By Lindsay Toler
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By Allison Babka
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Meanwhile, property taxes get spent elsewhere, as everyone waits for the deal to go down. Each inaction reinforces the next. The Olivette TIF proposal, for instance, points to the deteriorating streets -- the chink in the street in front of Zeid's house -- that the city itself has refused to repair. Since signing options to sell their properties, many homeowners have already relocated and rented out their former residences. The Olivette TIF proposal cites the increase in decaying housing and rise of rental units as another sign of deterioration. The neighborhood is in the process of destroying itself, with the assistance of the city and TIF.
Zeid finds himself caught in the middle, having taken on the role of a behind-the-scenes negotiator. "I'm kind of frustrated because I think the developers are using me, as well as the city," he acknowledges. "The city knows I'm in contact with the developers, and they can use me to try and get their points across and vice versa."
It all began in July 1997, says Zeid. While he was busy carrying out his duties as an organizer for Olivette's annual Summerfest celebration, Sansone Group, through a third-party real-estate agent, was quietly obtaining options to buy the houses on the 30-acre tract that fronts Olive Boulevard. The Sansone proposal would have left Zeid and his neighbors surrounded by commercial and industrial property.
After word of the deal was leaked by St. Louis Post-Dispatch columnist Jerry Berger, Zeid and his fellow subdivision trustees convinced the Olivette City Council that Arrowhead Park should be included in the development. The subdivision then hired Mello. Meanwhile, a competing effort was under way by THF Realty, which contacted the Armstrong-Teasdale law firm and started buying options on houses in Arrowhead Park, says Zeid. Ultimately, the two competing developers formed a partnership to develop the entire 80-acre tract.
"When the city was starting to negotiate with both developers, they were trying to play one developer against the other, trying to get the best deal for the city," says Zeid. "Nobody ever thought they would merge, because these guys were known not to have a fondness for each other."
The partnership, indeed, seems to be a marriage of convenience. Sansone Group possessed the bulk of the sales options on the front half of the needed property but had failed to include Arrowhead Park in its proposal. This left THF an opening. Michael Staenberg and E. Stanley Kroenke own THF. The latter developer holds an interest in the St. Louis Rams football team. More important, he sits on the board of directors of Wal-Mart, and his wife is the niece of the late Sam Walton, the founder of the retail behemoth. Forbes magazine recently estimated her worth at more than $600 million.
That Kroenke is married into the Walton family is merely a coincidence and has nothing to do with his realty company's efforts to build a Wal-Mart in Olivette, says Lewis, the spokesman for THF in St. Louis. "We have no tie to Wal-Mart other than we've developed a lot of shopping centers with them," he says.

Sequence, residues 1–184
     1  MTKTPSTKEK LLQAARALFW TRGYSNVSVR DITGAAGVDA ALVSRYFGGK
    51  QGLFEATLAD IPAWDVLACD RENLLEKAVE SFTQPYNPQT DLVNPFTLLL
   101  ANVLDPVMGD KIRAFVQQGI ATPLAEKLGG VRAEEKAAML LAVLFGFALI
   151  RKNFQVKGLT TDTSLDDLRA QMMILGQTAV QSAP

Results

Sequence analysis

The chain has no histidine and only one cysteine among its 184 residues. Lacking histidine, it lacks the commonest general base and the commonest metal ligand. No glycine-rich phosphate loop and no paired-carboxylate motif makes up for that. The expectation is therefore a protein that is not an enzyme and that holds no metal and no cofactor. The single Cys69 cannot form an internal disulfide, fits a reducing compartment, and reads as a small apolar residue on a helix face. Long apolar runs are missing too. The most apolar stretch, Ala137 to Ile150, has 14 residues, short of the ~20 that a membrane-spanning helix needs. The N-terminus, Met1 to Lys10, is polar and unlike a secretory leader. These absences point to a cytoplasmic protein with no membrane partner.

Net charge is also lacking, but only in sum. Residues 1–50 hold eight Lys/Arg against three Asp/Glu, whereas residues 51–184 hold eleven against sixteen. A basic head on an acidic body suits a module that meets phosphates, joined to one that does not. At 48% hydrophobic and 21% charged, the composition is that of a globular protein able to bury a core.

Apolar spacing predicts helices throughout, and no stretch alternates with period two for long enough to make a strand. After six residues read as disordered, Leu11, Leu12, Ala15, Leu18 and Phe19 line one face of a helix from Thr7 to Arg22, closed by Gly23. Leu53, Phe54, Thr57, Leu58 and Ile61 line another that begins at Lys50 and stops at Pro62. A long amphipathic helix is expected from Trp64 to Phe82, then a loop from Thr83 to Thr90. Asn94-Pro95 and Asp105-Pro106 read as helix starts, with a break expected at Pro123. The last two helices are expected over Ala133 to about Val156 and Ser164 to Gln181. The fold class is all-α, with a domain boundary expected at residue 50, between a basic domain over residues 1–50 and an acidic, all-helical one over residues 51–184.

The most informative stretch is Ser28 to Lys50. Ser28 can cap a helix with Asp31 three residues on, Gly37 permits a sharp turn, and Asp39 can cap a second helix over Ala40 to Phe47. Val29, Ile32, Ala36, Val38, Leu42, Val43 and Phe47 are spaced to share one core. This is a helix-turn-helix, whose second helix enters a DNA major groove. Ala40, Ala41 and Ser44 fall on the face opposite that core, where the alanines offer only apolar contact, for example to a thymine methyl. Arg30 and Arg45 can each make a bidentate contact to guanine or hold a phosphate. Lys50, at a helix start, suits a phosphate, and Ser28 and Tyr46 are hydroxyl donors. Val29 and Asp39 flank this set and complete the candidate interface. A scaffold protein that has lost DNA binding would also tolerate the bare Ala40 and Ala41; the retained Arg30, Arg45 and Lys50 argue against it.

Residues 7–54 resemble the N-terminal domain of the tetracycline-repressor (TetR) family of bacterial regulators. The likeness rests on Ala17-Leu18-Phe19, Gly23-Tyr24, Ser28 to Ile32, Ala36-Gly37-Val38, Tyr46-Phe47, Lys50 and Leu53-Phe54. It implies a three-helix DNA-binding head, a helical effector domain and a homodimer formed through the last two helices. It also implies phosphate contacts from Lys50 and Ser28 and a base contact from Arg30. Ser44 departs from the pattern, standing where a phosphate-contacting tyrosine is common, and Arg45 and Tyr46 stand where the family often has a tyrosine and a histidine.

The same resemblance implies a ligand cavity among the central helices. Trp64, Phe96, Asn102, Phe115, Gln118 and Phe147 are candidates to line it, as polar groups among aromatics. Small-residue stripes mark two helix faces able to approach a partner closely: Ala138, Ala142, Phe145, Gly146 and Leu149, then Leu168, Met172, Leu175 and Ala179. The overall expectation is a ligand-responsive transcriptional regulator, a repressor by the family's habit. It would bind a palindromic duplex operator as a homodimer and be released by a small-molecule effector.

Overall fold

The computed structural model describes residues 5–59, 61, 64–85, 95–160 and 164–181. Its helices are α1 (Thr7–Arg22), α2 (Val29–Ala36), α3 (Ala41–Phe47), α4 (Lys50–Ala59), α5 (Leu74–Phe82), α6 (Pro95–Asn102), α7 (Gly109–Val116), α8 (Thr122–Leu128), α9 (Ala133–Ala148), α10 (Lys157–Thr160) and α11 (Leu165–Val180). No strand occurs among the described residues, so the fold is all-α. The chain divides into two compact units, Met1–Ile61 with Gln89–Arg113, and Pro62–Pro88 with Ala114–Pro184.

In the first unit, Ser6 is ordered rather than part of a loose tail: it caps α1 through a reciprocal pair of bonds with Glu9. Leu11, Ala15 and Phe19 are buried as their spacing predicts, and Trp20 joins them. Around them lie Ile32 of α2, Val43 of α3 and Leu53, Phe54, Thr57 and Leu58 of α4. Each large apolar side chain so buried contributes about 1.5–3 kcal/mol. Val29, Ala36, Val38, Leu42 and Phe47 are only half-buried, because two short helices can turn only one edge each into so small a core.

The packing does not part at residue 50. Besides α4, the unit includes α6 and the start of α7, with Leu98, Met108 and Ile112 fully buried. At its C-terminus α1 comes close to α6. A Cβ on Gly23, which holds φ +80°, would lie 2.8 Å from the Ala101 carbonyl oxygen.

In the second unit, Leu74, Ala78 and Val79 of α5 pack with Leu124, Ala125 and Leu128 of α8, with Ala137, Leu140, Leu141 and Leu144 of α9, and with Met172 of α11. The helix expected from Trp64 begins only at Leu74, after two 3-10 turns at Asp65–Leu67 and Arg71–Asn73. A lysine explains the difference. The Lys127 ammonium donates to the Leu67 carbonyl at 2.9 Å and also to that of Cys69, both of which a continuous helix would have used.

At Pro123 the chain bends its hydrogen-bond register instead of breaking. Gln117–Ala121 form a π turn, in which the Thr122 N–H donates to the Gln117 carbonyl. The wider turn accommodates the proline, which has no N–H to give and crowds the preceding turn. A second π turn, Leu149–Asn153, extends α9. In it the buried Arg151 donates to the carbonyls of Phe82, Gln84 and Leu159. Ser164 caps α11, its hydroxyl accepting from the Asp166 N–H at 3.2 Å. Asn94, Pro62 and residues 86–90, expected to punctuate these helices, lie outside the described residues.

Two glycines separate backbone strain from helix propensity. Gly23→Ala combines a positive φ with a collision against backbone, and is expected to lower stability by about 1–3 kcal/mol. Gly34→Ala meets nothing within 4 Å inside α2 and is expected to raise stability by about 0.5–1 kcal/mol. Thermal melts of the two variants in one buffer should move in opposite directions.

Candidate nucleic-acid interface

Using TIF money to raze hundreds of houses to make way for a Wal-Mart is an idea that astonishes Merriman, the Loyola economist. "That's insane. If people are living in the houses, there is no way I would think that (possible)," he says. "A lot of times TIFs have moved very far from the original intent. That's one of the things that I find disturbing. You start out with this law that makes some sense, even (that's) debatable, and then the way that it's implemented makes no sense."
In a position paper released in April, the East-West Gateway Coordinating Council, the regional-planning agency, acknowledged the problems endemic to TIF. "In the mobile regional marketplace, many local governments are vulnerable to pressure from private developers to make tax increment financing available in order to 'win' new jobs, retail activity, and associated sales tax revenues," says the report. "In the absence of other tools and enforcement standards regarding its use, TIF districts are cropping up throughout the region in areas in which evidence of blight and distress is scant or non-existent. Nor is it always defensible that public sector intervention in the market is necessary in order for the redevelopment to occur.
"If the region is going to stabilize the industrial and commercial areas which are truly blights on the economic landscape, TIF must be targeted to its originally-intended use. Individual local governments acting alone cannot make this happen. It requires both statutory and procedural changes and a long-term commitment to more sweeping reform."
East-West Gateway recommends the following changes to the TIF law:
*Blighting for TIF developments should be restricted to economically distressed areas.
*Public-sector-intervention standards should be established and enforced.
*TIF proposals should be approved by an objective third party.
*TIF-district boundaries should not extend beyond the area found to be blighted.
*Cost-benefit-analysis requirements should be more stringently applied.
Anthony F. Sansone Sr., the patriarch of the Sansone Group, will never be displaced or disturbed by a TIF project. The 73-year-old developer is far from the bulldozers' roar, ensconced in the tony St. Louis County suburb of Huntleigh, where, according to St. Louis County property records, he occupies a 15-room mansion that has seven baths and a market value of almost $1.5 million.